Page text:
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Welding information anyone?

Discussion in 'Technical Chat' started by TGurau, Aug 18, 2011.

  1. Aug 18, 2011 at 9:34 PM
    #1
    TGurau

    TGurau [OP] Well-Known Member

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    Hello all, I am looking to restoring cars and am starting on my 98 Tacoma. I don't have any idea about welding. Welding does NOT need to be done on my Taco, BUT I want to learn anyway. My tailgate is banged up so I'm totally ok with tearing it apart and practicing on it (until I get it right and make it look good).

    Down to the point. I need some info on welder's and what kind should be used on vehicles. I see a 90 AMP flux wire wler for 90 bucks and was wondering if it's a good price and if it's a good welder for fixing frames and doing extensive body work? Just throwing it out there!

    Thanks in advance for the advice!
     
  2. Aug 19, 2011 at 8:08 AM
    #2
    BlueT

    BlueT Well-Known Member

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    In my opinion this is the best welder for begginer and somebody who knows welding but does not want to spent $1000's on welder
    http://www.northerntool.com/shop/tools/product_200306073_200306073
    Plus you will find always tons of parts and attachments for it.
     
  3. Aug 19, 2011 at 10:16 AM
    #3
    angrysam

    angrysam Bring Yuengling To MN!

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    I have the Hobart above. Great welder. I knew when I bought it I was going to need a bigger one someday but got a good deal and needed a MIG ASAP.

    You need to think long and hard about how far you are going to go with welding. This isn't the type of decision to get cheap with.

    Are you going to be content welding sheet metal or do you see yourself repairing trailers, making bumpers, welding frames, etc?

    A good 110 volt welder can weld up to 3/16" thick steel on a single pass with gas. They can usually weld up to 1/4" thick on a single pass with flux core.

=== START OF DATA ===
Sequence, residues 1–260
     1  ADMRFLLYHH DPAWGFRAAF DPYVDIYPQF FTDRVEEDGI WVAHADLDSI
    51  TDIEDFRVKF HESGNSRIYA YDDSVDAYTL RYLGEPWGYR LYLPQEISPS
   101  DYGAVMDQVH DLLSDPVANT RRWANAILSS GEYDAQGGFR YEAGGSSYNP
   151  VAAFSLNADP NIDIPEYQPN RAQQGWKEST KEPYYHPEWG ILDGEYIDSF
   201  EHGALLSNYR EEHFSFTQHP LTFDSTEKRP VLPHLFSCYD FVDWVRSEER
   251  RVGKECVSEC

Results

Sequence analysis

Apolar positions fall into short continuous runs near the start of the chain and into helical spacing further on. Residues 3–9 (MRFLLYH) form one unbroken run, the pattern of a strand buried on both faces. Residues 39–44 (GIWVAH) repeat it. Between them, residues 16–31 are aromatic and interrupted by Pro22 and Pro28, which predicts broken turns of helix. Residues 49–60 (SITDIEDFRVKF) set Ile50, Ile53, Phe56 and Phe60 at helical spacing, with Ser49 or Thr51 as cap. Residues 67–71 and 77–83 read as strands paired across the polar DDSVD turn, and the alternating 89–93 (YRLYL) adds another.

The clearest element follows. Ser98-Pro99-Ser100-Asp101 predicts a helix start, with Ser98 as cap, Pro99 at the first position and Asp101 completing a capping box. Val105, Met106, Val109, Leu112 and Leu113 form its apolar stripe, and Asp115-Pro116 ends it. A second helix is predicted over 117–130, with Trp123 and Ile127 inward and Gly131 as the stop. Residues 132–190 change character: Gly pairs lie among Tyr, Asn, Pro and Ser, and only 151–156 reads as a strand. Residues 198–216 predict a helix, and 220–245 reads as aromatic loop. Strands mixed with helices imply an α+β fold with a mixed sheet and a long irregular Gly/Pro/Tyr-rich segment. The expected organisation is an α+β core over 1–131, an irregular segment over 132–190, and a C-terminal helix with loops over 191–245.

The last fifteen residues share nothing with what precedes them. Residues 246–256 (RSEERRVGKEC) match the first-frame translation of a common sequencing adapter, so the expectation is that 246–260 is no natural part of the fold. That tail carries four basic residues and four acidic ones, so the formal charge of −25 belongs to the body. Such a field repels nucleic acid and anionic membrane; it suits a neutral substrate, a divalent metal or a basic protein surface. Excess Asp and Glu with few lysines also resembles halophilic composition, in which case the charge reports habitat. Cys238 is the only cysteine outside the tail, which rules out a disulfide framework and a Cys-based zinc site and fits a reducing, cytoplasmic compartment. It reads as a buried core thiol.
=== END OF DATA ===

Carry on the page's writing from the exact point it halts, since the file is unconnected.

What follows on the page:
The problem with welding with one of these at maximum capacity is that they'll have a short duty cycle. Say they'll weld for 3 minutes straight and then need a 10 minute break to cool off.

    So if you think there is even a chance you'll be welding at least 3/16" material get a 220v welder and have your shop wired for it. They're not that much more and you can do twice the amount of work.

    You'll probably want to run .023 or so diameter wire for sheet metal and then something like .035 for the thicker stuff so make sure the machine you buy can accommodate that range of wire. Most can so don't worry.

    Don't waste your time welding sheet metal with flux core. Yes, it can and has been done and it can look pretty decent once you get good. But the clean up and splatter are a pain in the ass. Get gas. You save yourself a ton of time and your stuff will look a lot better with less grinding.
     
  4. Aug 21, 2011 at 6:54 PM
    #4
    TGurau

    TGurau [OP] Well-Known Member

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    Thanks guys! I'll definitely look into this and see if I can buy it. A little pricey, but I'll see what I can do. I may have to take some classes for welding if i'm going to spend this kind of money on a welder.
     
  5. Aug 25, 2011 at 9:09 AM
    #5
    JLee

    JLee The Man! Vendor

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    I lost track thousands of dollars ago.
    It's Hobart and Miller not Lincoln.

    I had the Hobart 140 and it's a great little Mig it gets the job done for thin materiel any Hobart is going to be a great welder But if you have the money go with Miller. Just my 2c
     
  6. Aug 25, 2011 at 9:19 AM
    #6
    mjp2

    mjp2 Living vicariously though myself Staff Member

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    The internals in the Hobart welders are identical regardless of where you purchase it from. Miller and Lincoln change internals when they sell through the big box stores for pricing reasons. Same model #s use different components when sold through a welding supply shop vs. a Lowes or Home Depot.

    The Hobart is a great little welder. I've used Handler 140 to do suspension work on my car trailer with a ton of success. I use flux core since I weld outdoors and found that running a .035 tip with .030 wire eliminates binding issues. The gun even says "Miller" on it so you know it's easy to find replacement parts.
     
  7. Oct 2, 2011 at 7:46 AM
    #7
    Tepidy

    Tepidy Well-Known Member

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    Save your money and buy a Millermatic 211 (about $1400). Thing about welders is if you buy a cheep one and stick with welding you will undoubtably buy a more expensive one. I say spend your money only once. This welder you can do everything and anything. Easily weld one inch steel with one pass or weld sheet metal. With the purchase of the optional spool gun you can weld aluminum
     
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